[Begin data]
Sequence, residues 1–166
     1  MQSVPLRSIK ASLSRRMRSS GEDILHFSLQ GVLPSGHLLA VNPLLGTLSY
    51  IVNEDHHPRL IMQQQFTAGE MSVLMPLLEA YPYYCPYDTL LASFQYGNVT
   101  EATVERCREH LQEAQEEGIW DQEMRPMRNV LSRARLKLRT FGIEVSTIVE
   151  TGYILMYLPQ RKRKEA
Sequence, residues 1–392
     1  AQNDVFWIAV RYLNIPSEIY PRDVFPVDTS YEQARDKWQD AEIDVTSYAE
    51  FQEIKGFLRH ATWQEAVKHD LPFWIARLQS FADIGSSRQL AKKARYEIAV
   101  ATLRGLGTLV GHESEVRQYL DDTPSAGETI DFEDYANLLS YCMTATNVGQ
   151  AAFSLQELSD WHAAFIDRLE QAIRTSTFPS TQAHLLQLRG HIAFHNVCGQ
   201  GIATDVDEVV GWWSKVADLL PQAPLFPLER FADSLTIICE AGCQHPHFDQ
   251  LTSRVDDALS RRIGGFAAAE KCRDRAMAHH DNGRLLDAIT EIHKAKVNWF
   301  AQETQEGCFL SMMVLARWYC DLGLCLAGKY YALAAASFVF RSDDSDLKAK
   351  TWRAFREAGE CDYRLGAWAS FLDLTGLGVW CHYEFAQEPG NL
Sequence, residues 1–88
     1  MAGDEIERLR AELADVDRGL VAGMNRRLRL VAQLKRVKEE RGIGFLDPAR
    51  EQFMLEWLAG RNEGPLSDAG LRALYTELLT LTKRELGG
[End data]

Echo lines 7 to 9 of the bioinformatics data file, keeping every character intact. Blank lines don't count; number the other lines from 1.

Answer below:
     1  AQNDVFWIAV RYLNIPSEIY PRDVFPVDTS YEQARDKWQD AEIDVTSYAE
    51  FQEIKGFLRH ATWQEAVKHD LPFWIARLQS FADIGSSRQL AKKARYEIAV
   101  ATLRGLGTLV GHESEVRQYL DDTPSAGETI DFEDYANLLS YCMTATNVGQ